One of the first rules of bug finding is, “Look on flowers.” As it happens, ox-eye daisies, those familiar, non-native (and in some instances, invasive) flowers are in full bloom. Yarrow, which is listed in most wildflower guides as alien but which probably is not, is just starting. Both plants are lovers of the sun, of disturbed ground, and therefore of road edges. Both are bug-magnets, attracting herbivore and carnivore alike. Both are members of the Aster/Composite family, and each “flower head” is actually a whole bouquet (the white “petals” of a daisy are actually separate flowers called ray flowers, and the yellow center is made up of many disc flowers).
Daisies and yarrow are places where bugs come to graze and be grazed upon. The BugLady is thrilled to see them crowded with invertebrates now, after the sere summer of 2012. Ditto the milkweeds, covered with insects and not even in bloom yet. Go outside!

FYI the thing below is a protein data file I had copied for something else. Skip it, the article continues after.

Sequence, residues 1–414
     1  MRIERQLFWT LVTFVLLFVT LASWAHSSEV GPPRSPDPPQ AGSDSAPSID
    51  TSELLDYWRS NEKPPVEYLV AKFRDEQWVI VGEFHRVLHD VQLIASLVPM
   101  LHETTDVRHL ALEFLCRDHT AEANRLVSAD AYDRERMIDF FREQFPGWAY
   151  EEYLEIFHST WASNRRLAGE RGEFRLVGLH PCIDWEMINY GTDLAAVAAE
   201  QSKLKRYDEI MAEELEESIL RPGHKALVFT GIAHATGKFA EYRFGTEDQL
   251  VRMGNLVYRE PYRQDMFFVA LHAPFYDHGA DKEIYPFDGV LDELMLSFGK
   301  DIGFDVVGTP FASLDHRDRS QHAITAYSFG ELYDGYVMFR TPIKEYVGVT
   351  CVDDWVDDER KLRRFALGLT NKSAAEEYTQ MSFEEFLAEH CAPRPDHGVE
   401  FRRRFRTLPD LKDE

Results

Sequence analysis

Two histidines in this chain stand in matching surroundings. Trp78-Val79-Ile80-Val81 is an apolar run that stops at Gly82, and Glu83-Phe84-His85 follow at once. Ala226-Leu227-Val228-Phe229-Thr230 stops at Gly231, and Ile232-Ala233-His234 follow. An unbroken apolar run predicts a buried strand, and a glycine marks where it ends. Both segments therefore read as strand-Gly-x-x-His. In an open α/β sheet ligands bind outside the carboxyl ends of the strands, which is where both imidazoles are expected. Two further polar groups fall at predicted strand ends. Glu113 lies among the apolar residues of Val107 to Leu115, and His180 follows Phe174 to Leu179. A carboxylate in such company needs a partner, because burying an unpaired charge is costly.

The BugLady cheerfully admits to a bias toward crab spiders (Mom really does love them best), so her daisy and yarrow shots are spider-heavy. The spider with the pink/red stripes is the Goldenrod Crab spider (Misumena vatia), who has the ability to turn yellow (achingly slowly) when she sits on a yellow flower. The name of the game is camouflage. Crab spiders practice sexual dimorphism, with males considerably smaller and leaner than females. Look for them on the abdomens of the females in the last two pictures. The little guy on the goatbeard seeds (like an extreme dandelion) is also a male.
No life histories or ecological lessons or further explanations needed today—the Album of Crab Spiders celebrates these beautiful creatures at work and at play.
Let us prey.